Kinder Morgan questions how much B.C. First Nation still eats fish

NEB hearings underway to hear Aboriginal oral evidence into Kinder Morgan's proposed oil pipeline, that would cross dozens of rivers sacred to First Nations.

Kwatlem First Nation at NEB Kinder Morgan Hearing Chilliwack - Mychaylo Prystupa
Kwantlen band councillor Les Antone at NEB hearing in Chilliwack regarding the Trans Mountain expansion project on Friday. Photo by Mychaylo Prystupa.

How much do First Nations still catch and eat fish? That appeared to be a key line of questioning at a National Energy Board hearing underway this week in Chilliwack regarding Kinder Morgan's $5.4-billion oil pipeline expansion. 

The forum is designed to gather oral evidence from Aboriginals on the Texas-based company's proposed Trans Mountain expansion pipeline that would cross dozens of rivers considered sacred to B.C. First Nations.

“I’m just wondering... do you have an estimate in terms of what proportion of Kwantlen members’ diet comes from sources in the Fraser River?” Kinder Morgan lawyer Terri-Lee Oleniuk asked Kwantlen First Nation leaders on Friday.

Just prior to the company’s question on Aboriginal diet, Kwantlen band councillors spent three hours explaining how profoundly important salmon fishing on the Fraser River has been to their people for millennia.

“I can’t give it honour in a verbal description of what that means to our people and our families.  Today, it is our main sustenance and diet for our peoples,” band councillor Tumia Knott told the hearing.

“[The salmon harvest] is truly the one time when our community is really alive.”

“You see us racing to and from the dock.  A lot of energy and excitement about the importance of harvesting that resource,” she added.

Kwantlen are a Stó:lō people -- one of 11 First Nations, and three U.S. tribes presenting at the hearing regarding the Trans Mountain pipeline expansion project.

Stó:lō literally means “People of the River.”

Kinder Morgan lawyer at NEB Aboriginal hearing in Chilliwack - Mychaylo Prystupa

Kinder Morgan lawyer Terri-Lee Oleniuk questions B.C. band at NEB Aboriginal hearing in Chilliwack on Friday - Mychaylo Prystupa

UBCIC Grand Chief Stewart Phillip said Kinder Morgan’s question on the community’s fish diet showed how little the company knows about the First Nations way of life.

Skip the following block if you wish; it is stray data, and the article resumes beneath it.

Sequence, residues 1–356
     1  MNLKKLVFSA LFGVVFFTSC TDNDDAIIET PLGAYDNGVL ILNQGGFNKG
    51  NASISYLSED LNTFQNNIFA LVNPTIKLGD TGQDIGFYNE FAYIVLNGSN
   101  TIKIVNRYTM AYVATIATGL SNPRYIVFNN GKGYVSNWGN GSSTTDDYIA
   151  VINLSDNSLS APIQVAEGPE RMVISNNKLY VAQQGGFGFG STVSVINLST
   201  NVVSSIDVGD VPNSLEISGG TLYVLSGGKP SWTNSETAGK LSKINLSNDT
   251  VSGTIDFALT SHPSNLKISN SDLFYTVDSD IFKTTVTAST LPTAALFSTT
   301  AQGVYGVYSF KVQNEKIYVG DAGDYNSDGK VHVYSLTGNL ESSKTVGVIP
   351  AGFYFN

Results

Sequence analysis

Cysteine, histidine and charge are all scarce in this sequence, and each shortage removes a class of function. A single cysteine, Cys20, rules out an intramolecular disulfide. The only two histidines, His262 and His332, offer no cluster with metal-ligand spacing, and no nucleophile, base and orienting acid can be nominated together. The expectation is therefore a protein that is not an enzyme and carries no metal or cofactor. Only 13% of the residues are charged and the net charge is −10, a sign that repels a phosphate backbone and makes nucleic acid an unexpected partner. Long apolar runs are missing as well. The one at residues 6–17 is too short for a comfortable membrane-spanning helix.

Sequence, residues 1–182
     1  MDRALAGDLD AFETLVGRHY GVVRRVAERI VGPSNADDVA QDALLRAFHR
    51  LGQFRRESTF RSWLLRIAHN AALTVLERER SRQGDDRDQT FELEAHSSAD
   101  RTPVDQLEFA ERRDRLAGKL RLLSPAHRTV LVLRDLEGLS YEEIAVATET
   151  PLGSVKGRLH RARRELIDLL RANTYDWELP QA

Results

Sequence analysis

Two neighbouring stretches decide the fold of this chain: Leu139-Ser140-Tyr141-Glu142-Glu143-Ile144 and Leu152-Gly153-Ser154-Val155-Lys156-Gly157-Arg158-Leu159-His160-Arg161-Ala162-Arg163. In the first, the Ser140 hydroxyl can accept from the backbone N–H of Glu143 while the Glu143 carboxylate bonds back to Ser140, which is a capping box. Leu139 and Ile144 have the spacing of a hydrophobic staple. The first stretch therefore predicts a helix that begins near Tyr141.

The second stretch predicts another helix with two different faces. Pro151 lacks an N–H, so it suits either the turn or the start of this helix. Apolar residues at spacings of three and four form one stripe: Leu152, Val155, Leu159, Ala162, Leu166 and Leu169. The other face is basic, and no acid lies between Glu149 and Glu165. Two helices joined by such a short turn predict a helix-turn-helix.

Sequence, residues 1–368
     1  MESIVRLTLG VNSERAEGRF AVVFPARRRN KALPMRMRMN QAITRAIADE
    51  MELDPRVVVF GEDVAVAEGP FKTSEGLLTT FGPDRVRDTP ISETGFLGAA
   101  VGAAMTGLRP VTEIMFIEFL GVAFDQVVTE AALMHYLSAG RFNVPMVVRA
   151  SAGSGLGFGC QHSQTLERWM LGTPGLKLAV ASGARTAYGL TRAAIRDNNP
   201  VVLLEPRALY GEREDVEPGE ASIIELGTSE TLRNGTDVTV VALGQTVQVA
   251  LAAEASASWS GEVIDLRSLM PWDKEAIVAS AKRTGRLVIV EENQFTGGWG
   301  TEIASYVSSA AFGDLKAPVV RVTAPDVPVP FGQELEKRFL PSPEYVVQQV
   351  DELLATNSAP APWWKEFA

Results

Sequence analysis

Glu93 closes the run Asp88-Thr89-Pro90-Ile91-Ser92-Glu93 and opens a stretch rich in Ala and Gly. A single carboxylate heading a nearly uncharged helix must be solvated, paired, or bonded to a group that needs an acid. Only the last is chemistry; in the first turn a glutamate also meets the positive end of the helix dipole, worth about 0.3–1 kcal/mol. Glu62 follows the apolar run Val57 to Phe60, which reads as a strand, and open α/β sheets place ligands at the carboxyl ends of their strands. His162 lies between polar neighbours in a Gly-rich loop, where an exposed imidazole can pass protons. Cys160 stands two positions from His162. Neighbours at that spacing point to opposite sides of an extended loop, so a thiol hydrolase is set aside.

“They are deliberating ignoring that we have constitutional and judicial rights to the fishery and to our cultural traditions,” said Grand Chief Phillip from Prince George on Friday.

Kinder Morgan later clarified that the main purpose of its fish diet question was to inquire about a traditional land use study, which it helped fund. 

The only other question (of two) from the company was how much do Kwantlen still do commercial fishing.

Salmon on Fraser River already in trouble

Band councillor Les Antone responded that Aboriginal commercial fishing had nosedived in recent years – something the recent $20 million Cohen inquiry attempted to better understand.

The councillor said he believed the Fraser River’s salmon stocks have been hit hard by many industrial activities, as well as city sewage.

An oil spill, he said, would make matters far worse for the already beleaguered salmon.

“That would be devastating to even think of it.  We know what happened in Exxon Valdez and other spills around us.”

“If it ever did happen -- how would we fix that?  How would we get that out of the river?  How would we stop it from killing smolts?"

"We don’t have the means, probably millions and millions of dollars, which we don’t have.”

“And to take away that fish from our community -- we’d be on the endangered list [as councillors],” said Antone.

The band revealed that it earlier asked the NEB for $129,000 in funding to hire experts to understand how a diluted bitumen oil spill would impact the local ecosystem and fisheries. It was denied, and provided only $40,000.

As a result, it cannot afford to hire technical experts to do that oil spill analysis, said the band's lawyer.

“Nobody knows what a Kalamazoo river type spill would be like for the fish in the Fraser River.  But there’s good reason to think it would be devastating,” said the Kwantlen lawyer, Tim Dickson.

“That doesn’t mean they have to go eat chicken instead of fish – it means their culture takes an enormous hit.  They have Aboriginal rights to fish.  Their reserves are on a river for a reason,” he said.

The NEB will hear from more bands, including the Americans tribes, all of next week in Chilliwack.

Kwantlen salmon ceremony

Spring salmon ceremony of the Kwantlen people - photo by Dean Werk, Great River Fishing

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